Skip to main content

For more wine advice and reviews, recipes, restaurant news and more, sign up to receive our Good Taste newsletter in your inbox every Wednesday.

Sales of fine wines and spirits at auction have flourished during the pandemic, with new buyers driving significant growth. International auction houses are reporting strong online sales in 2020, while Toronto auctioneer Waddington’s posted its most successful year, with sell-through rates approaching 100 per cent.

More than 19,000 bids were placed on a combined 1,896 lots offered through Waddington’s quarterly wine sales. The firm’s spirits auctions also registered increased interest, with the number of lots and bids per auction growing by more than 30 per cent over 2019.

Auctions offer a rare opportunity for collectors to buy wines and spirits that aren’t available through other channels. Historically, they’ve also been a resource for restaurants looking to build impressive wine lists, but that segment has largely curtailed its purchases due to operating restrictions. Restaurants are more likely to be selling than buying at the moment. The impressive surge in sales volume comes from attracting first-time and younger consumers. The necessary shift to online sales has made the once staid and stuffy notion of a wine auction more approachable and accessible.

Production of highly collectable wines, such as those from top chateaux in Bordeaux, domaines in Burgundy or cult producers in California, is limited, and supply declines over time as the wines are consumed, which drives prices up. The market is also growing with increasing wine education and awareness taking root in Canada, creating a larger audience of prospective buyers and sellers.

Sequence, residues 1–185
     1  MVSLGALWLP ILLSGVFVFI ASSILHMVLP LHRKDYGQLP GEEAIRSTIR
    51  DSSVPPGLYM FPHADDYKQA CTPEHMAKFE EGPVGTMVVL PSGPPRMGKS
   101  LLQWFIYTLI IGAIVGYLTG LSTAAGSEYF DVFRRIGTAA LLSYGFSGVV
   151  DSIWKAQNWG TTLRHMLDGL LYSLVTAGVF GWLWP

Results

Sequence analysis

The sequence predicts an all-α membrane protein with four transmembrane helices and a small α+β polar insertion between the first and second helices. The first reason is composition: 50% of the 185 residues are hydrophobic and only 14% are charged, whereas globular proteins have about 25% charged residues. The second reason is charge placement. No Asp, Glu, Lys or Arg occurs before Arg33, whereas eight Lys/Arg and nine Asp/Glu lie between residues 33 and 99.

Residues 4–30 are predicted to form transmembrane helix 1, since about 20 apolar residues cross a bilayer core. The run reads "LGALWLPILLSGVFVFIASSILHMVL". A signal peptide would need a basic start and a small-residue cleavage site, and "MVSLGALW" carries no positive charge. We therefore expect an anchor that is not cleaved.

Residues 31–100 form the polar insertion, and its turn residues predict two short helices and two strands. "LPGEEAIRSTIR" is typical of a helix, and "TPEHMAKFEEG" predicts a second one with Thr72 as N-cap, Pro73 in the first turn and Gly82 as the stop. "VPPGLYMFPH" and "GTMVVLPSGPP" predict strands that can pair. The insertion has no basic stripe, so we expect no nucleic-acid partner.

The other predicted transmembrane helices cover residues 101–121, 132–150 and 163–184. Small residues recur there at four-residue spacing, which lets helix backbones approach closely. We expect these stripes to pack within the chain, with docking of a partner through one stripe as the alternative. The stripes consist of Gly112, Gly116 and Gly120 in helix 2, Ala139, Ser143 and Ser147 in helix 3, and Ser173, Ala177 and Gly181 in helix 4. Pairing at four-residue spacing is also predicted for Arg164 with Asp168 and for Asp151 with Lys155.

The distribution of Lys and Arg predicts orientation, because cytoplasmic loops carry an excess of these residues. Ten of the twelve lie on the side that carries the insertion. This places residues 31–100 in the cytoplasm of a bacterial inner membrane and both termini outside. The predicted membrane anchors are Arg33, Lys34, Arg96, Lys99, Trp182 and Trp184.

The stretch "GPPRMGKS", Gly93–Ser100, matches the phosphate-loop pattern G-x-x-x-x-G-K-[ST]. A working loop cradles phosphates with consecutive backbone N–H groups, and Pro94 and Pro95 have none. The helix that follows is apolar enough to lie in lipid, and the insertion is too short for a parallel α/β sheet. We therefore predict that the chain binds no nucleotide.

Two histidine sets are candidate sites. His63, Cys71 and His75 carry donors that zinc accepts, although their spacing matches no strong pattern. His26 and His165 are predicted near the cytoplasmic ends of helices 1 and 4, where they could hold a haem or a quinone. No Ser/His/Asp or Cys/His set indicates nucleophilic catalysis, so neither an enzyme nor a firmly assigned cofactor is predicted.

Unlike the active auction schedules in cosmopolitan cities like New York, London and Hong Kong, there are limited avenues to legally sell wine in Canada. The secondary fine-wine market in Ontario has been limited to Waddington’s, which operates under the authority of the LCBO, and various charity auctions.

Next week, the landscape will change dramatically as Iron Gate Auctions conducts what it’s calling Canada’s first national fine-wine auction. An extension of the successful online charity wine auction business launched in November, 2020, Iron Gate has established a commercial division based in Calgary that aims to sell various lots of rare wines gathered from private collections across the country. (Virtual liquor auctions only became permissible in Ontario following permanent changes to existing provincial regulations.)

In advance of the sale, which runs from March 23 to 30 through, Iron Gate is hosting a free webinar, Demystifying Wine Auctions, on March 21. Presented by veteran wine auctioneer Stephen Ranger, the session will share information on how online auctions work, offer buying strategies and other information. For details, visit

E-mail your wine and spirits questions to The Globe. Look for answers to select questions to appear in the Good Taste newsletter and on The Globe and Mail website.